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Sunday, December 28, 2014

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A respectful critique of fundamentalism

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Like Deborah Feldman, author of the current bestseller Unorthodox, French author Anouk Markovits also left a Satmar chassidic community as a young woman.

To be published next month, I Am Forbidden (Hogarth), her first English novel, examines the sheltered Satmar community she left behind. But rather than writing a memoir detailing her own experiences or a novel about a woman struggling to leave the community, she instead wrote a novel about a woman devoted to her life in the Satmar community of Williamsburg in Brooklyn.

I Am Forbidden is a respectful examination of the community from within. It spans generations, beginning in World War II Transylvania and ending in present time New York and Paris.

It begins with Zalman Stern, a yeshiva student in Szatmar, Transylvania, the birthplace of Satmar Chassidism. Zalman is an ilui, a wonder of Torah knowledge, and is said to have the most beautiful voice east of Vienna. During World War II, which he survives in Romania, he adopts Mila, an orphaned daughter of his yeshiva friend. She becomes very close with Zalman’s eldest daughter, Atara, who is around the same age.

After the war, Zalman also “rescues” Josef Lichtenstein, an orphaned young boy who survived the Holocaust by hiding with his gentile housekeeper. When he approaches bar mitzvah age, Josef is sent to the Satmar community in Williamsburg.

Zalman also leaves his home, now under the oppressive yoke of communism, and settles with his growing family as a cantor in Paris.  He is a pious, deeply religious follower of the Satmar rebbe who escaped Hungary on the infamous Kasztner train (Israel Kasztner made a deal with the Nazis to spirit some Jews to safety at the expense of others) and settled in Williamsburg.

Zalman is unbending in his devotion to Torah and is saddened that even in the Marais, the Jewish quarter of Paris, he can’t find Jews who worship like him. He warns his children to be wary of “Jewish enlightenment” and “modernism” and rails against Zionism. When the girls are caught riding a bicycle in the Luxembourg Gardens on Shabbat, he gives Atara a severe beating while Mila watches in fear.

This is the first time that Atara, who is probably based on the author’s own life, considers rebelling.

Although they attend a Jewish school, Mila and Atara, in their long skirts and thick stockings, are ostracized by teachers and students, especially when they do not participate in celebrations marking Israel’s independence.

While Atara grows more independent and strong-willed, sneaking out to libraries to read “forbidden” books, Mila remains pious and devout. The two are sent to a seminary for girls in England where Mila is thrilled to be among the first generation of chassidic women studying Torah. 

But Atara becomes disillusioned. She refuses to accept the school’s teaching that pogroms, and even the Holocaust, were the result of a lack of faith and that a person who fails to connect Jewish tragedies to sin causes further suffering.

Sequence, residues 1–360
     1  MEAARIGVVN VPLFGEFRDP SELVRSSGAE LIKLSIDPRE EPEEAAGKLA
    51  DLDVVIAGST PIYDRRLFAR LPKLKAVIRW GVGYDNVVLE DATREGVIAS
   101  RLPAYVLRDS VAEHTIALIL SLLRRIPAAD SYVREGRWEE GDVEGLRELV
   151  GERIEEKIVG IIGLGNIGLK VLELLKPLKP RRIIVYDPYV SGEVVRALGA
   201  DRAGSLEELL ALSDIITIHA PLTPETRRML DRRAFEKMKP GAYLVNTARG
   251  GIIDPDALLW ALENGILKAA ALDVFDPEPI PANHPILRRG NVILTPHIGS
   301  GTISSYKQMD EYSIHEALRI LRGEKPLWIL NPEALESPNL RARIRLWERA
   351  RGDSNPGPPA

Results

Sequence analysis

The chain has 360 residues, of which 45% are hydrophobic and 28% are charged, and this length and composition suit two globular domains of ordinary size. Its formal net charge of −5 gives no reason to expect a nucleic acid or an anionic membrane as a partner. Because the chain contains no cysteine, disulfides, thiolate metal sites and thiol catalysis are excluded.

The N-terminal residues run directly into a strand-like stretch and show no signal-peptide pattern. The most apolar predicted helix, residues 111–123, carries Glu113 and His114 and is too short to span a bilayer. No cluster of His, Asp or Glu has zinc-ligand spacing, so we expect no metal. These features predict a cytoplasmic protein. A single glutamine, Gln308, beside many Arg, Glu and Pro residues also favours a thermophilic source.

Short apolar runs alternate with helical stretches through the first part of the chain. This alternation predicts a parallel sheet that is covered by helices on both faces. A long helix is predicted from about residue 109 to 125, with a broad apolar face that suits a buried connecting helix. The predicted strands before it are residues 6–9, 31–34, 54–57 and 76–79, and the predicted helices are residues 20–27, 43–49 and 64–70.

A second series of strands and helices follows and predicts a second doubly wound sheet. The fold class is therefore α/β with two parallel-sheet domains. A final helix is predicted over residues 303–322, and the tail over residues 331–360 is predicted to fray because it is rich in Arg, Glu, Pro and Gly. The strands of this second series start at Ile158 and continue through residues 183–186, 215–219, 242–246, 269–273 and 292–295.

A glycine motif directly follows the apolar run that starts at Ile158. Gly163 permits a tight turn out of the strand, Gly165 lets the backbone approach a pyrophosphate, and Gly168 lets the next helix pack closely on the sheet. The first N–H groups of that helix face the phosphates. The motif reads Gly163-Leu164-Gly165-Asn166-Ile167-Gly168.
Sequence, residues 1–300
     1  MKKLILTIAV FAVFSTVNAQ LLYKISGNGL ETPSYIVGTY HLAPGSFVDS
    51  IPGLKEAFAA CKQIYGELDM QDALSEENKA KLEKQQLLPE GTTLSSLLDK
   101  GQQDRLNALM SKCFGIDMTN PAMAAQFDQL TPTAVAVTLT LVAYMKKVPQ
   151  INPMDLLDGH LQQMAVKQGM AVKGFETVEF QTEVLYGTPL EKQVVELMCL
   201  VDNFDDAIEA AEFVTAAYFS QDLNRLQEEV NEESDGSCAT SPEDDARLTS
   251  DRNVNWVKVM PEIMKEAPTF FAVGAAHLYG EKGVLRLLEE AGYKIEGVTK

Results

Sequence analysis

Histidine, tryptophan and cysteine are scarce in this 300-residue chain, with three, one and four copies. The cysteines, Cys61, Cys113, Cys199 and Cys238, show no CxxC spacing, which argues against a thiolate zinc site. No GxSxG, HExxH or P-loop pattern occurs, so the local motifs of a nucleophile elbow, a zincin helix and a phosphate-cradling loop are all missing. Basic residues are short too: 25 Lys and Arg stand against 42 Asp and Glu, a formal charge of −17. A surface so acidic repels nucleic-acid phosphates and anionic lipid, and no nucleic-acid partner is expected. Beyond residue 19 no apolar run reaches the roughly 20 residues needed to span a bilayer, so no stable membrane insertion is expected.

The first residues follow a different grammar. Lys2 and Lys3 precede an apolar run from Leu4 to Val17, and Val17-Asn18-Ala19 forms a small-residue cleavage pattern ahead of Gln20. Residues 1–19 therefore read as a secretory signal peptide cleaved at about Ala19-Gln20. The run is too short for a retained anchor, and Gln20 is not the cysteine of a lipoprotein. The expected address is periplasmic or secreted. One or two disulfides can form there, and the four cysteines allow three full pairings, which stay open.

Could she marry a chassidic man, one her father chooses, embrace an Orthodox life and raise children who were forbidden to read secular books?

She asks her father if she could leave the seminary and study medicine at a secular university. Her father flatly refuses, and so Atara runs away and Zalman curses her and banishes her from his sight. 

Mila also doesn’t return to the seminary as she is of marrying age, and her father accepts a wedding proposal from Josef, now a yeshiva student under the guidance of the Rebbe.

The two settle in Williamsburg and have a seemingly loving relationship. There’s no doubt that unlike her sister, Mila is devoted to her faith, her husband and the Rebbe. She loves the chassidic enclave she lives in, where Jews are not afraid to be Jews. 

She wants only to do her duty by giving her husband offspring and enviously watches the other women pushing prams and dragging a train of children behind. Mila dutifully keeps track of her permitted and not-permitted days, but month after month, year after year, she remains childless. (Markovits describes some of the more extreme practices in the chassidic household particularly when it comes to sex and bodily fluids.)

 It is customary that after 10 years with no children, the husband can divorce his wife. Mila begs her husband to do a fertility test, thinking he might be the problem, but Josef refuses on the grounds that spilling his seed in vain is forbidden.

The novel races to the present when a secret Mila kept all this time threatens to banish them from the community.

Given that the narrative spans around 80 years, Markovits does a good job of keeping the story tight and concise (the book is just under 300 pages). It makes for a fast and engaging read.

And while there’s no doubt that the author is criticizing not just Chassidism but all rigid fundamentalism, she does it in a respectful and non-aggressive way. The heroine of the novel is, after all, Mila, who remains devout and faithful despite all that’s thrown her way.

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